MathFIT - Mathematics for IT

LMS Consultation

The LMS surveyed Heads of Departments of Computer Science to identify the requirement for a series of instructional conferences and to solicit suggested topics.

Suggested topics included:

abstract interpretation, adaptive algorithms, asymptotic analysis, automated deduction and proof theory, category theory, combinatorial optimisation, computational complexity, computational geometry, constructive mathematics, data security, domain theory, genetic algorithms, graph theory, information theory, kinematics for students working in robotics, Lambda calculus, logic, machine learning, mathematical analysis of computer vision, mathematical analysis of search techniques, mathematics of concurrency, mathematics of constraints and optimisation, model theory, model theory and specification, neural networks, number theory for information security, numerical analysis, parallelism and concurrency, proof theory, proofs and types, relative complexity of proof systems, signal processing, structural complexity, symbolic computation, type theory for computer algebra, types, zero knowledge and interactive proofs.

The LMS surveyed Departments of Mathematics and Computing to solicit proposals for instructional workshops for researchers, particularly postgraduate students, to provide instruction in topics from mathematics and logic which are of importance in Computer Science.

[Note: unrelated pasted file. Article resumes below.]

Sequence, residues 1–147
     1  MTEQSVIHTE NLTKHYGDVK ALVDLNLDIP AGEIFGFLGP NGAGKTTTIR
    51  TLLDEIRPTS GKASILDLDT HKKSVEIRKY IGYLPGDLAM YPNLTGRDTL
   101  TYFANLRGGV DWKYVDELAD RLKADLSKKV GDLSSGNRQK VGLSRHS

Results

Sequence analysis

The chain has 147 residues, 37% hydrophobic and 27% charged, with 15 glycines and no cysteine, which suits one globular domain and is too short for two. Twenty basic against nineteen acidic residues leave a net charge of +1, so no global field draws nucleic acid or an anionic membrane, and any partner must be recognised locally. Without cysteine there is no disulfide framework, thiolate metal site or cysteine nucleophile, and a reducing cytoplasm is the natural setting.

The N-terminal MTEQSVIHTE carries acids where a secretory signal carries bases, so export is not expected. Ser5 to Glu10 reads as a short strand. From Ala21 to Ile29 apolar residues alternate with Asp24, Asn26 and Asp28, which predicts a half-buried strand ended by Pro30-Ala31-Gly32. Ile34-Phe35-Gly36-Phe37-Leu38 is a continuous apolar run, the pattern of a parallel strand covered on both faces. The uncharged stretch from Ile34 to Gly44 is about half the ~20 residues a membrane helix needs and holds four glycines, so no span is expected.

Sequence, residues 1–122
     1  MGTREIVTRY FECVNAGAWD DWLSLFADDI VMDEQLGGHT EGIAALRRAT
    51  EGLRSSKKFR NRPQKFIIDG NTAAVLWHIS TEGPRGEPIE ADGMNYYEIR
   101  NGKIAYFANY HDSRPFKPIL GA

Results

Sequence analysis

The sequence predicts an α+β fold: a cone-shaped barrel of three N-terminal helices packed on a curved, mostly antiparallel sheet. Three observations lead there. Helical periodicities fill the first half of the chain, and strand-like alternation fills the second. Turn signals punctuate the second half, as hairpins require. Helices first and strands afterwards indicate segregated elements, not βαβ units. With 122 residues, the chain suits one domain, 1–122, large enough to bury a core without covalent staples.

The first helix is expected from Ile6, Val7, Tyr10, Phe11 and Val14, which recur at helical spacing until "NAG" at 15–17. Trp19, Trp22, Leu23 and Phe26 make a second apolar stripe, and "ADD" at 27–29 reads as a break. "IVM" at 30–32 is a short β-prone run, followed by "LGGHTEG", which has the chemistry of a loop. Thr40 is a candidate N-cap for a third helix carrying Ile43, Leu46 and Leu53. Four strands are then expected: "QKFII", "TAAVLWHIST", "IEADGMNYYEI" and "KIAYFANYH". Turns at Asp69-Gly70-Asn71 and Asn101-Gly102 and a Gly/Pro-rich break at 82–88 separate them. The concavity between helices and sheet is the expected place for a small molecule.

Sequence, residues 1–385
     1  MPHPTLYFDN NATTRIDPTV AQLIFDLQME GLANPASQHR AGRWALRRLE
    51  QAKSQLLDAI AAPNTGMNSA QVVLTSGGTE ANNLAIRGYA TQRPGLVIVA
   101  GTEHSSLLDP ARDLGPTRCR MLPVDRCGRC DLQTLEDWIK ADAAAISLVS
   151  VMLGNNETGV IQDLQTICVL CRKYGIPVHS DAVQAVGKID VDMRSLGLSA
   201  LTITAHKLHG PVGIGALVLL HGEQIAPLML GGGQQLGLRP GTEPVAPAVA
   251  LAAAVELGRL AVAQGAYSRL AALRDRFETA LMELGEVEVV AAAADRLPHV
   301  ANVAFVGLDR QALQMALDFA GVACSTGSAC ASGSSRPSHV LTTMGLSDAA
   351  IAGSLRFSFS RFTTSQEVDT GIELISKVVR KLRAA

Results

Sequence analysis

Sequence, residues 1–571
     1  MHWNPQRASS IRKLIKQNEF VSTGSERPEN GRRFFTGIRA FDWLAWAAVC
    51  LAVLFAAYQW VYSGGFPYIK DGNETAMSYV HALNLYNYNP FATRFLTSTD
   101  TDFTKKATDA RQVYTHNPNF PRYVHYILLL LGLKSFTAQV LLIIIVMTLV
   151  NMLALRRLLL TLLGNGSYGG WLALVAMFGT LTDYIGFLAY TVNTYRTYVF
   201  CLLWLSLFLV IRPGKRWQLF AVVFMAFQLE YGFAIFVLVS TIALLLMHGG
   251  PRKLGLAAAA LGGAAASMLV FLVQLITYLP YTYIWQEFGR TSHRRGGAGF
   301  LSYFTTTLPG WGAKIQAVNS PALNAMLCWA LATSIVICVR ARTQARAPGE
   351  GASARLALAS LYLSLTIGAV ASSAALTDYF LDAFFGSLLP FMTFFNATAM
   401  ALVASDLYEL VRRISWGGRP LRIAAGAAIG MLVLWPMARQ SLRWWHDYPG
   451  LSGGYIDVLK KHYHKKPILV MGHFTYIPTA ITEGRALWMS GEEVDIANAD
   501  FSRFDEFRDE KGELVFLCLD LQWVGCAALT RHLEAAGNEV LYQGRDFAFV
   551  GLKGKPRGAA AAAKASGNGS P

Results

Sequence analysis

This elicited firm proposals from 15 groups in the following areas:

algebraic aspects of circuit design, algebraic foundations of algorithms, boolean function complexity, category and type theory, computer algebra and symbolic computation, computer vision, descriptive complexity theory, foundations and applications of pi-calculus, graph theory, mathematical analysis of networked and distributed systems, mathematical modelling of software systems, mathematics of machine learning, regular and systolic algorithm design, specification and implementation of concurrent systems, term graph rewriting.

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Editorial Control: Professor I.A. Stewart. Page last changed: 28 June 2000.
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